Tag Archives: judgment

Easier Now


All of my life, I have struggled with the fear of becoming overweight again, because as a child, I suffered immensely from being the chubbier kid. I wasn’t confident, happy, or satisfied with my quality of life. This is not to say that if you are confident or happy at this size or any size, you shouldn’t be. I just know that, in my experience, I spent so much time, too much time, agonizing over how I could be different and how I could be better. I just couldn’t see the beauty in myself. Something destructive had stuck with me and had no intention of letting go. At such a young age, those kinds of feelings have a deep imprint on your soul. I know they did on mine. But this time around, at 21 years old, as I am not overweight but still trying to keep in shape and stay healthy, it’s easier. Everything seems….easier.

I’ve noticed the change. I’m not looking in the mirror as much, grabbing at the visible fat on my sides or tummy, or scowling at the figure that stands before me, disappointed by what I see. She’s a beautiful person and she has carried me through 21 years of life, 21 years of experience, growth, love, failure, and triumph. She is the portal in which I have navigated the plane of life and she is the woman I will be until the day I die. She will change, physically and mentally, as she moves forward, but there should be no reason why I should look upon her with judgment. Her body has been through injuries, sickness, heartache. She’s fought through loss, anxiety attacks, hurt. I no longer look upon her, the body that housed and loved me, like she is wrong and needs to be changed. I’m guiding her in the right direction, a healthier path and state of mind.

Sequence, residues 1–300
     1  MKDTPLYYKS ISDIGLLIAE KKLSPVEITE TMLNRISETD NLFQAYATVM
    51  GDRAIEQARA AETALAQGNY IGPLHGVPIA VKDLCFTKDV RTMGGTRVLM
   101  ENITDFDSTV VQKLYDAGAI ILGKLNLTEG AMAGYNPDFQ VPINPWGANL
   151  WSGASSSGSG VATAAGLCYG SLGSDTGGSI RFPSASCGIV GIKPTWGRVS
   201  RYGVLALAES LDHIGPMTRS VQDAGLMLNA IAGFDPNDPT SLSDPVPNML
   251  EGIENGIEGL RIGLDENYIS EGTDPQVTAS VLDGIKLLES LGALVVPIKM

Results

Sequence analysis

I’ve grown to adore this changed perspective towards my body. I’m not judging myself like I used to. I can look in the mirror, smile, and know that that smile is genuine. I do love myself, and I love my body. There will be times when I come down on the beautiful girl in the mirror, the one that looks back at me and reflects the life that I’ve been living and the experiences I’ve gathered, but I know that those times will be fleeting, and will not house themselves permanently within the corners of my mind, waiting for their next moment to swallow the spotlight. Self judgment is no longer welcome in my heart and I’m determined to keep it that way. From here on out, everything feels… easier.